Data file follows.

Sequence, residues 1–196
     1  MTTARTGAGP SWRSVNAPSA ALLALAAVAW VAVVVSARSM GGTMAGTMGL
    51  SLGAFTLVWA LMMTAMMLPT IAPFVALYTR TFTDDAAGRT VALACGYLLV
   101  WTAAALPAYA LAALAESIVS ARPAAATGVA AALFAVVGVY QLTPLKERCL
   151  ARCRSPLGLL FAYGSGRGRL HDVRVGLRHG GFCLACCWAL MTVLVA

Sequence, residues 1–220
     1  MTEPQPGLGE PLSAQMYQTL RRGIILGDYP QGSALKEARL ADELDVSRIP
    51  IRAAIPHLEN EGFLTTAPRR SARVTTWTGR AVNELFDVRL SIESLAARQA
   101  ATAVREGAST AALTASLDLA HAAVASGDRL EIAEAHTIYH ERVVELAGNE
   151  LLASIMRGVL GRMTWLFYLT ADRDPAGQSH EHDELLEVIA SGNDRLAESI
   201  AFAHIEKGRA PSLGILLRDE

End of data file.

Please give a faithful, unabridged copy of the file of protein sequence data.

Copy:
Sequence, residues 1–196
     1  MTTARTGAGP SWRSVNAPSA ALLALAAVAW VAVVVSARSM GGTMAGTMGL
    51  SLGAFTLVWA LMMTAMMLPT IAPFVALYTR TFTDDAAGRT VALACGYLLV
   101  WTAAALPAYA LAALAESIVS ARPAAATGVA AALFAVVGVY QLTPLKERCL
   151  ARCRSPLGLL FAYGSGRGRL HDVRVGLRHG GFCLACCWAL MTVLVA

Sequence, residues 1–220
     1  MTEPQPGLGE PLSAQMYQTL RRGIILGDYP QGSALKEARL ADELDVSRIP
    51  IRAAIPHLEN EGFLTTAPRR SARVTTWTGR AVNELFDVRL SIESLAARQA
   101  ATAVREGAST AALTASLDLA HAAVASGDRL EIAEAHTIYH ERVVELAGNE
   151  LLASIMRGVL GRMTWLFYLT ADRDPAGQSH EHDELLEVIA SGNDRLAESI
   201  AFAHIEKGRA PSLGILLRDE